Smartphones and tablets are killing other devices

Have you bought a camera or GPS unit recently? Probably not

By Jim Harris
February 27, 2012

Tablet PCs and smartphone sales are growing exponentially year over year and, as they incorporate more and better functionality into their core operations, other consumer electronic categories are in decline. The Apple iPad exploded on the scene in 2010, selling 15 million units. Sales grew 222 per cent in 2011, to 56.5 million units (estimate). iPad sales are expected to grow 59 per cent in 2012 and will likely break 100 million units, according to Steve Bambridge of GfK, a boutique research firm working with the Consumer Electronics Association.

This success prompted competitors to launch more than 100 tablets at the Consumer Electronics Show (CES) in 2011; another 50 were launched at CES in 2012.

Mobile phones are enjoying a similar, albeit less stellar, trajectory. Sales worldwide in 2010 were 1.31 billion, and smartphones were 20 per cent of that. In 2011, mobile phone sales jumped to 1.5 billion and smartphone share increased to 29 per cent. In 2012, the mobile market is forecast to grow to 1.68 billion, with smartphones taking 36 per cent, according to GfK.

This success is hitting other consumer electronic devices. The estimates are that sales of plain mobiles will drop nine per cent in 2011. Other market share drops for 2011 include: car navigation, seven per cent; camcorders, eight per cent; and video game consoles, four per cent. Digital still camera sales are actually up (one per cent) but removing digital SLRs shows the category is in decline.

Why is this happening? Because tablets and smartphones are including the functionality of these standalone devices. A smartphone with a 16 megapixel camera was announced at CES this year, so why buy a standalone camera? Smartphones can take full-motion video, some in HD, which explains the decline of camcorders and perhaps even Cisco’s abrupt end to the Flip.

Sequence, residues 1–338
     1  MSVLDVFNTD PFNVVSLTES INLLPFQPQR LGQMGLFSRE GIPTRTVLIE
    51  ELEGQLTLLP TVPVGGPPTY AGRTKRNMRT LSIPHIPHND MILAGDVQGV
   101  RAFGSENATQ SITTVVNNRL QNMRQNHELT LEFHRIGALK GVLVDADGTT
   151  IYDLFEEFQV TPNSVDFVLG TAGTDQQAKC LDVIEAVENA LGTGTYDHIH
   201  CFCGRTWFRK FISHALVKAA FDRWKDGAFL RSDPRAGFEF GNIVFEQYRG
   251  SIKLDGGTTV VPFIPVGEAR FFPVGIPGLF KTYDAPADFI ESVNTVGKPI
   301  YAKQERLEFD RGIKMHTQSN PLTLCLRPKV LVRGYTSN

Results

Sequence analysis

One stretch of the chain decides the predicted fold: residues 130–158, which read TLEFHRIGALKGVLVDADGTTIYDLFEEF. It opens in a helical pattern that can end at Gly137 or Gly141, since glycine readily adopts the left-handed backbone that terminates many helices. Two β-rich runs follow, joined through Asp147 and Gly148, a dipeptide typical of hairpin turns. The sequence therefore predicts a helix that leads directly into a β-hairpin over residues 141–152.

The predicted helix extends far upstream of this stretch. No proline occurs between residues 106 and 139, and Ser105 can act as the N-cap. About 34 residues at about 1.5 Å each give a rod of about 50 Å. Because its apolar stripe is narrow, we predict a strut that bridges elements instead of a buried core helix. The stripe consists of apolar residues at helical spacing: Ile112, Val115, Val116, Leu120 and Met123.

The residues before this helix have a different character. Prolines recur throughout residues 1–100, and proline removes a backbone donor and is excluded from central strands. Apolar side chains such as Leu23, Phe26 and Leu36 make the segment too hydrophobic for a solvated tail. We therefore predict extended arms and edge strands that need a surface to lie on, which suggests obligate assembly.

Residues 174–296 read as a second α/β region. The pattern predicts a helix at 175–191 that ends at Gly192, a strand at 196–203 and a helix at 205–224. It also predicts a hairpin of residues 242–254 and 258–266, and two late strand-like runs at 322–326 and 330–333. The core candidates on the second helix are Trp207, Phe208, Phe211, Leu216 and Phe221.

Traditional TV collapses

The staple of family rooms for years is even being hit. In a stunning report, Accenture found that “the percentage of consumers watching broadcast or cable TV shows, movies or videos on TV in a typical week plummeted from 71 per cent in 2009 to 48 per cent in 2011.”

What are consumers doing instead? The answer: watching TV, movies and streaming content on tablets, smartphones and PCs. So while lots of CES floorspace was devoted to bigger and better sets, many consumers won’t care.

In the developing world

I spoke recently at a CIO conference in Kuala Lumpur at the invitation of the Government of Malaysia. The topic was the value of embracing open-source software. Victor Lim, vice-president of IDC Asia Pacific, predicted that by 2015 every mobile sold in mature Asian markets would be a smartphone. He pointed out that sub-$100 smartphones are already selling in Asia, and that is the unsubsidized street price.

And with developing markets driving sales of low-priced smartphones, the cost North American consumers pay should also drop. This is because we will look overseas and start expecting to pay less.

This trend tells a compelling story about Research In Motion. I have the new Bold 9900. It’s a wonderful phone and I’m really enjoying it, but the developing world is driving demand. Because that demand is concentrating on sub-$275 models and especially in $100 models, RIM will have to broaden its offering of low-priced models to thrive in the future.

One of RIM’s international advantages is that the iPhone is a pig for bandwidth. Its launch forced North American carriers to spends billions upgrading their networks. For developing nations, with far lower revenue per user, telcos won’t be able to meet the bandwidth demand that would be created by the mass adoption of the iPhone. That means advantage BlackBerry. 


Jim Harris
Jim Harris is the author of Blindsided, a #1 international bestseller published in 80 countries worldwide. He speaks at 40 conferences a year around the world. He consults with companies and government on change, leadership and sustainability and speaks at 40 conferences a year around the world. You can follow him on twitter @JimHarris or reach him through LinkedIn.com. His web site is www.jimharris.com.

Also watch:
Jim Harris on Tech Innovations at Backbone's 10th Anniversary - April 2011

Also read:
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Everyone has smartphone and tablets aren't far behind
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